In a major victory for prosecutors, a number of Atlanta educators were found guilty today (April 1, 2015) for their roles in public schools cheating scandal, bringing a close to a half-decade drama that tarnished a major school district's reputation and raised questions nationwide about the wisdom of pushing educators to improve students' standardized test scores, according to the NY Times website.
Eleven of the former educators were convicted of racketeering charges in a decision announced in a Georgia courtroom. Only one of the 12 educators on trial was acquitted of the racketeering charge; verdicts on the theft and false statements charges were mixed.
The dozen educators who stood trial -- including five teachers and a principal -- were indicted in March 2013 after years of questions about how Atlanta students had substantially improved their scores on the Criterion-Referenced Competency Test, a standardized examination given throughout Georgia. Some 180 employees -- including 38 principals -- were accused of wrongdoing. Most of them pleaded guilty in court plea-bargaining agreements.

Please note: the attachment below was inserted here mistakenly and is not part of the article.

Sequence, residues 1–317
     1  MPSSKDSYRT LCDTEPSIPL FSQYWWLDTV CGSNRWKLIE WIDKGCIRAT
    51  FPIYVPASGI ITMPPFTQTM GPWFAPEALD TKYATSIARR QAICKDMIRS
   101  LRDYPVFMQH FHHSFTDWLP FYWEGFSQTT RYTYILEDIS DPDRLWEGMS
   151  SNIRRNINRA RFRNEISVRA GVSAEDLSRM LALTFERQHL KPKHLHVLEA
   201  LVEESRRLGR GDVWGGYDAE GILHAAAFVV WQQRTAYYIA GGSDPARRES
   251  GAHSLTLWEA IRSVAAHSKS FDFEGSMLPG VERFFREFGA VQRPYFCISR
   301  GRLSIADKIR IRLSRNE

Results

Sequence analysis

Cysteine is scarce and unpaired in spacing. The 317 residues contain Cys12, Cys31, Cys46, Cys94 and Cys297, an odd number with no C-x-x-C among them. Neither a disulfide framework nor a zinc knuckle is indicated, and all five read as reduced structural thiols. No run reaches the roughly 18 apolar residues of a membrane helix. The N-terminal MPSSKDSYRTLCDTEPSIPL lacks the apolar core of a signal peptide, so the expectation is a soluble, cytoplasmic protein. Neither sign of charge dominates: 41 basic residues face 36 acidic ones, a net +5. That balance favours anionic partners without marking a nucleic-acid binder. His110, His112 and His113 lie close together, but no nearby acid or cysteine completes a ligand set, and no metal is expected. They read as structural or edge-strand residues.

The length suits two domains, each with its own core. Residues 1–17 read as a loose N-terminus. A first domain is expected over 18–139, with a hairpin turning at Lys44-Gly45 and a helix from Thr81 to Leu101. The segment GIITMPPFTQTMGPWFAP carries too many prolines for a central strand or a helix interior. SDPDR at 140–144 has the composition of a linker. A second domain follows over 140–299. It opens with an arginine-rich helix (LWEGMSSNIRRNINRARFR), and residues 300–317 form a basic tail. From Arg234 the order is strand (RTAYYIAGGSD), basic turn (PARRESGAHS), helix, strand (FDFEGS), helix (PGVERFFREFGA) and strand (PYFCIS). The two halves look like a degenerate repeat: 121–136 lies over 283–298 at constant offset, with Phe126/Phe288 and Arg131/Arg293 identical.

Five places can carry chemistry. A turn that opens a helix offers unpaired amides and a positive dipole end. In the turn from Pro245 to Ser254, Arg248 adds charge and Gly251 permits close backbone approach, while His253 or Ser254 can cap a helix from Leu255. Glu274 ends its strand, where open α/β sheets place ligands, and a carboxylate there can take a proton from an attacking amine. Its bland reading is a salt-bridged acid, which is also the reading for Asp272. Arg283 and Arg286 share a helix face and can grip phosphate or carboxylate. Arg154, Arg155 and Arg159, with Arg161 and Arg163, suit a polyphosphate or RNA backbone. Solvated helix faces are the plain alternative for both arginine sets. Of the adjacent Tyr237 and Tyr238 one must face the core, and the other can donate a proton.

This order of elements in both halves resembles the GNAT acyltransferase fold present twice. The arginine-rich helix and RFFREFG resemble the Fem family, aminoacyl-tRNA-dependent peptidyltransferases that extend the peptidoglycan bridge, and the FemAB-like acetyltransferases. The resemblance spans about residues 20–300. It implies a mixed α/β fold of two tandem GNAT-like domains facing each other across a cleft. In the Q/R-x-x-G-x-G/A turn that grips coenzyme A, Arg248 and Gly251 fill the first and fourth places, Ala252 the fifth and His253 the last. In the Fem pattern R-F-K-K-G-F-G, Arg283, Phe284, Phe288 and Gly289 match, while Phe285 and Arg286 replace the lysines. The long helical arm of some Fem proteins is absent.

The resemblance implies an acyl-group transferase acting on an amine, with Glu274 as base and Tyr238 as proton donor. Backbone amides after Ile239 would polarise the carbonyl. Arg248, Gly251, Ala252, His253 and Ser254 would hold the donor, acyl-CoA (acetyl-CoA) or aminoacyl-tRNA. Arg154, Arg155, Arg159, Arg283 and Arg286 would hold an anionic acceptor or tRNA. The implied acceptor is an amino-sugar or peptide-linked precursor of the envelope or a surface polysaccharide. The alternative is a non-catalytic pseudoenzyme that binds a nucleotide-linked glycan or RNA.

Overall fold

The illegal cheating scheme -- which had been authorized by Atlanta's then-school superintendent -- involved educators secretly changing incorrect answers to correct answers on hundreds of students' standardized tests. This was done so the Atlanta school department would receive millions of dollars more in federal funds as a result of "student test improvements." The educators, in turn, received large bonuses for their illegal and unethical actions.